With ssh -i <private key filename> you can instruct ssh to use an extra private key to try authentication.

The documentation is not clear on how to explicitly use only that key.


You can use the IdentitiesOnly option:

ssh -o "IdentitiesOnly=yes" -i <private key filename> <hostname>

| improve this answer | |
  • 13
    actually 'IdentitiesOnly' disables prompting ssh-agent, but still offers defaults and ssh_config'd keys. – rogerovo Jun 25 '14 at 6:55
  • 2
    The important thing for me was that it does not look in e.g. my ~/.ssh directory for keys to try. – Herman van Rink Jun 25 '14 at 8:50
  • Thanks! I needed the -o "IdentitiesOnly=yes" bit to prevent ssh-agent from overriding the private key specified. – user2708667 Mar 19 '19 at 20:10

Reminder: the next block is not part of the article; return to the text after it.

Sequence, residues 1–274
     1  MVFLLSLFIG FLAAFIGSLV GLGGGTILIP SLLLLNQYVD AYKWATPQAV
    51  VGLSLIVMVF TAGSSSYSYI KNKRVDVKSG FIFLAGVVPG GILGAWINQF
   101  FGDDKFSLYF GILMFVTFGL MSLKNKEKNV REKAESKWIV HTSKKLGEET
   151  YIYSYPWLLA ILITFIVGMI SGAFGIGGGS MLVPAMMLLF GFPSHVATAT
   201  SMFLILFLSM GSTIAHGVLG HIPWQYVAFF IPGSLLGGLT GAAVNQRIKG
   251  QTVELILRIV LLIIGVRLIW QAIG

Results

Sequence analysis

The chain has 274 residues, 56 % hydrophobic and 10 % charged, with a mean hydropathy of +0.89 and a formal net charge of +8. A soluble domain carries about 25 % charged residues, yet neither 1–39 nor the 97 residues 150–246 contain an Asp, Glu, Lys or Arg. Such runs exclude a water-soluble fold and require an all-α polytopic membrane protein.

• This is super handy for determining which key works with a given host when you have keys cached in ssh-agent. The only way I could figure it out without this flag was to use strace to dump the IO, which was pretty tedious. – Wil Jun 5 '19 at 16:11

Your Answer

By clicking “Post Your Answer”, you agree to our terms of service, privacy policy and cookie policy

Not the answer you're looking for? Browse other questions tagged or ask your own question.